On Remaining Worthy of the Sacrifices

Photo credit: Library of Congress

May 30, 1921

“There are more than four million persons in the nation who know from experience what war service means. There are more than one hundred thousand homes which have been darkened by the irreparable infliction of war. There are hundreds of thousands carrying the marks and disability of war. Unto the whole nation has been revealed the meaning and the sacrifices of war. The thirtieth day of May has been set apart that all the people might think on these things, on the blessings of peace as the result of their righteous victory, on the devotion of the living, on the obligation to recompense the disabled, on the everlasting honor which is due to the dead, that this nation, through the fulfilment of these obligations, may continue worthy of these great sacrifices, and through the cultivation of a like spirit continue to be partakers in like glories.”

Happy May Day!

The Fourth Annual “May Day Health Day” celebration observed around the country as well as here at the temporary White House on Dupont Circle in D. C. on April 30, 1927. Nan Norton, Elizabeth Ann Taylor and Margaret Le Clere Cooley present a basket of daisies to the First Lady, Grace Coolidge.

The tradition of leaving a bouquet of flowers at the door of a neighbor, friend or relative was well established by the time the first “May Day Health Day,” sponsored by the American Child Health Association, took place on this day in 1924. As described in the May 1924 issue of the American Journal of Public Health, the inaugural observances were to be celebrated across the country including parades (like the commemoration down Fifth Avenue in New York City which included airplanes dropping flowers on the parade route), school observances of health campaigns, and a promotional effort through radio, motion pictures, and press announcements. There was no mistaking that those interested in advancing public health, especially for children, wanted to spare no resource to promote awareness and encourage the best scientific procedures into every city, town, and locality around the nation. There were no CDC guidelines (for there was no CDC), no social media reminders (broadcasting and film were those platforms), and certainly no mandates from Washington. The declaration of a “May Day” simply encouraged Americans to practice what they already had the freedom to do. The dangers to public health were even more extensive in those days too, as the Influenza epidemic of 1918 remained very much in recent memory. Yet, campaigns advanced appreciation for tradition and innovation. Each local jurisdiction would conduct things in its own way and on its own degree of initiative. While that is instructive so is the reminder that the good intentions which drove the Progressive Era were hardly gone in those Roaring Twenties. There was a war on mortality but its commanders and ground troops did not flow from the nation’s capital, they came from the states. It was there that the drive issued to eradicate diseases that had so long plagued human life. The collaboration with Washington’s government relied on local patriotism and state citizenship not on a pool of “federal treasure” tapped from its subjects. It was a living demonstration that the strength of America was not the strength of federal authority but the strength of the people who made and maintained its villages, towns, cities, counties, and states. The Coolidges understood this well. They saw that Washington had no power which did not first come from the people themselves. It was Americans, not their employees, who delegated it to representatives and institutions of their choosing. It did not flow from a cluster of white marble along the Potomac but from living sources, the sovereign authority of all Americans. Their generation appreciated and revered this fragile distinction. Still, a clarification needs to be made. We are failing to understand the people of a century ago if we continue bolstering the mistaken notion that progress or that arbitrarily drawn line ending the Progressive Era stopped at the Twenties. We threaten the very prospect of progress by failing to comprehend what they achieved through both a respect for preservation and a dream for innovation. The bridge to our current world was not demolished with that decade but built, paved, and made possible by it.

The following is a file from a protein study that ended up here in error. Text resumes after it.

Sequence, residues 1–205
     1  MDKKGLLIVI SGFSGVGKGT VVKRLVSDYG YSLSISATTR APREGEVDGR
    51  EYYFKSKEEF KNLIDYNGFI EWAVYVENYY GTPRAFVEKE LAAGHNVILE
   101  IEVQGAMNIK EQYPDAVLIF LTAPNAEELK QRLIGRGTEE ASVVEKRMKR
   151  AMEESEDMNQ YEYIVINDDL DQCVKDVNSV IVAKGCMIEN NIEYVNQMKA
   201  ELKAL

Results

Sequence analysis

Happy May Day!